What Color Is Your Urine?

What Color Is Your Urine?

While we don’t tend to talk about our pee too often – even to our physicians – it’s actually part of an incredible system to which we owe much of our health. Our kidneys work round the clock to filter water-soluble wastes, toxins, bacteria, yeast, excess protein, and sugars out of our blood, that would otherwise build up in our system and make us ill. And not only does our urinary tract work as an effective filtration and disposal system, but it also functions as an early warning detection system, flagging certain signs and symptoms of potentially serious health problems that may otherwise go unnoticed.

The next time you head to the loo, here’s what to look for:

What your urine color says about your health

Urine is made up mostly of water, as well as uric acid, minerals, enzymes, waste materials, and substances such as urochrome, which gives urine its usual straw-yellow color. Here is your color reference list:

Pink or red: From beets, blackberries, and iron supplements, the color change usually is temporary and harmless. It sometimes occurs after strenuous exercise, but it can also flag other, more serious conditions, such as hematuria (blood in the urine). A 2012 analysis published in the Southern Medical Journal lists off several possible causes, such as kidney stones, urinary tract infections, enlargement of the prostate gland, anemia, certain inherited conditions, or bladder cancer. If you notice pink- or red-hued urine, then contact your doctor immediately. Your doctor can perform a simple test to determine whether it’s actually due to blood in your urine and where to go from there.

Brown: From rhubarb and fava beans. This is also a common alert for the presence of a urinary tract infection, especially if you experience a burning sensation when you go. With normal urination, you shouldn’t feel any discomfort. Brown could also indicate a buildup of bilirubin in the blood, possibly indicating a liver problem, a blocked bile duct, a gallstone, hemolytic anemia, or a tumor.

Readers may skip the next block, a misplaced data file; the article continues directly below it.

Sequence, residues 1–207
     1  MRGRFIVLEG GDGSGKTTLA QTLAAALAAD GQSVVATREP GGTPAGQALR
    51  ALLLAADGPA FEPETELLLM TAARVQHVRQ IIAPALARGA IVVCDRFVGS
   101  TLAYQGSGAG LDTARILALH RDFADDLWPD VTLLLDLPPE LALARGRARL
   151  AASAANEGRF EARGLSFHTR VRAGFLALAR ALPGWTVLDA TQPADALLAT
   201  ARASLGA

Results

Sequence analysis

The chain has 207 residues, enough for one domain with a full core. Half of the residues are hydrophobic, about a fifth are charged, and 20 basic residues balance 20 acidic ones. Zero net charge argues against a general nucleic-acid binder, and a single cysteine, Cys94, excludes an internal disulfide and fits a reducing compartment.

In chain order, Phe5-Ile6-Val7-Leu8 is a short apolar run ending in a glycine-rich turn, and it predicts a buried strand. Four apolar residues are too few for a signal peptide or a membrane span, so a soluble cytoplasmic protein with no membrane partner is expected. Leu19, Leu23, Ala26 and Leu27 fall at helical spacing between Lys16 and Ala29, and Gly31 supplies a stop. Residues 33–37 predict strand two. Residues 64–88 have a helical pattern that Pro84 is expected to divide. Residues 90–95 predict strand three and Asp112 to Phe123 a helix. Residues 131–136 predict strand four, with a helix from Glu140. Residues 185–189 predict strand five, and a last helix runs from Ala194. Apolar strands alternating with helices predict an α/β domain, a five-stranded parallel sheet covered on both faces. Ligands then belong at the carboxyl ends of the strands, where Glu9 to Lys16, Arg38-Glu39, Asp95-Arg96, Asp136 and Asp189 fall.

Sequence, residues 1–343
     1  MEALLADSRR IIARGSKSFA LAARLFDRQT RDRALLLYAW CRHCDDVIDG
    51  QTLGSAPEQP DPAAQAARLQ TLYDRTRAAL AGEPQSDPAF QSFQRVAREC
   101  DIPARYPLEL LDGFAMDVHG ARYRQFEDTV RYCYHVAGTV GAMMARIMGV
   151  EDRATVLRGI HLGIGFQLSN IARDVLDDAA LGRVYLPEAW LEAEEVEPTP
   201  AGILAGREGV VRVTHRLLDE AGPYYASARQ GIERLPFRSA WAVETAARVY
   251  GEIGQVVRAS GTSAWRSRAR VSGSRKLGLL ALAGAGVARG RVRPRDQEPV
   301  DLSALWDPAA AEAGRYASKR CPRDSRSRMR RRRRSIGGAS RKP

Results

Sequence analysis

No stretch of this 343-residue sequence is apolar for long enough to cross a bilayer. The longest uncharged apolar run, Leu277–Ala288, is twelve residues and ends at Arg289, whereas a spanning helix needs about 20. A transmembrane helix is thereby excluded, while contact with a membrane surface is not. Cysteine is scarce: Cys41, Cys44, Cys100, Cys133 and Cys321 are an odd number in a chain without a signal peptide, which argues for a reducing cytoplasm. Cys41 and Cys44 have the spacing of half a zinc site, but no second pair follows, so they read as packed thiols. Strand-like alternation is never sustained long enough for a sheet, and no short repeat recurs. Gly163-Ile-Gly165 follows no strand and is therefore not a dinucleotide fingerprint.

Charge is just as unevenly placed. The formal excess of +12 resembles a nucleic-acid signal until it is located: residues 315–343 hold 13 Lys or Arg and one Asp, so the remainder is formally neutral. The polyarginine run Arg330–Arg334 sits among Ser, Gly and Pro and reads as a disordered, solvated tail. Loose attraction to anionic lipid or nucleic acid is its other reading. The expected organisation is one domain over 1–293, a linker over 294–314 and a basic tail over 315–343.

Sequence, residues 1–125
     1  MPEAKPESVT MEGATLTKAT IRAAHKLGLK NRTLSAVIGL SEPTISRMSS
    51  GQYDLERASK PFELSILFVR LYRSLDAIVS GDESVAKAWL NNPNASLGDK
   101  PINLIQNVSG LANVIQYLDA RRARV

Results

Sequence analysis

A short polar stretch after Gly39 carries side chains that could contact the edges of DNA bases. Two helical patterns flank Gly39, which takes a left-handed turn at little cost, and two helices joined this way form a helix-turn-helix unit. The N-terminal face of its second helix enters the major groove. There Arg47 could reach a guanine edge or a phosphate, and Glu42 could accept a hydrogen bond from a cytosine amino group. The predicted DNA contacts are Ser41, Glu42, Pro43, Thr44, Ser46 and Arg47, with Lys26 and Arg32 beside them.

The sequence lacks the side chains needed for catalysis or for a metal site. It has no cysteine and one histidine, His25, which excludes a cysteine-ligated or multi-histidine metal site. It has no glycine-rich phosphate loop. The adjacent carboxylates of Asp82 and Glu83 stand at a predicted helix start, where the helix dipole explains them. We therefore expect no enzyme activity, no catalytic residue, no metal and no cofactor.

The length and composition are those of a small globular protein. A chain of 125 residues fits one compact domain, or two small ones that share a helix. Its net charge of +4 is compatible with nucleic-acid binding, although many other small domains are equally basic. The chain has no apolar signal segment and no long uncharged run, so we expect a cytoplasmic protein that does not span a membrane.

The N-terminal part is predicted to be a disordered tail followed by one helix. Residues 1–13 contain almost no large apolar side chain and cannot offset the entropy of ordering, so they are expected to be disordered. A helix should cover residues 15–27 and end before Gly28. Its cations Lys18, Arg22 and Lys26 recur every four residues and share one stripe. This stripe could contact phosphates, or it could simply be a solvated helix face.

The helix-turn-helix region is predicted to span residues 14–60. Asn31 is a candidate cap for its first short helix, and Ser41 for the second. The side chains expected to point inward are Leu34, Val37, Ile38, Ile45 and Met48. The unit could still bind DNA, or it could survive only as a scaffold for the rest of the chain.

Orange: From carrots and B vitamins. Darker orange could signal severe dehydration. This could easily be remedied by drinking more fluids, but if ignored it could eventually lead to serious complications such as cramping, chronic fatigue, brain swelling, seizures, or low blood volume.

Green or blue: From asparagus and some antidepressant medications. In more unusual cases, this could mean a urinary tract infection.

Dark yellow or amber: You may be severely dehydrated. Drink more fluids. If ignored, this could eventually lead to serious complications such as cramping, chronic fatigue, brain swelling, seizures, or low blood volume.

Transparent: Clear urine is a sign of being too hydrated.

Pale straw to amber or honey: This coloring reveals you are well hydrated, but if it gets darker you may need to fill up on some H2O.

White or milky: White or milky urine could indicate an excess of certain minerals or proteins in your urine. Consult with your doctor if your urine appears white or milky. (continue reading)

Leave a Reply

Your email address will not be published. Required fields are marked *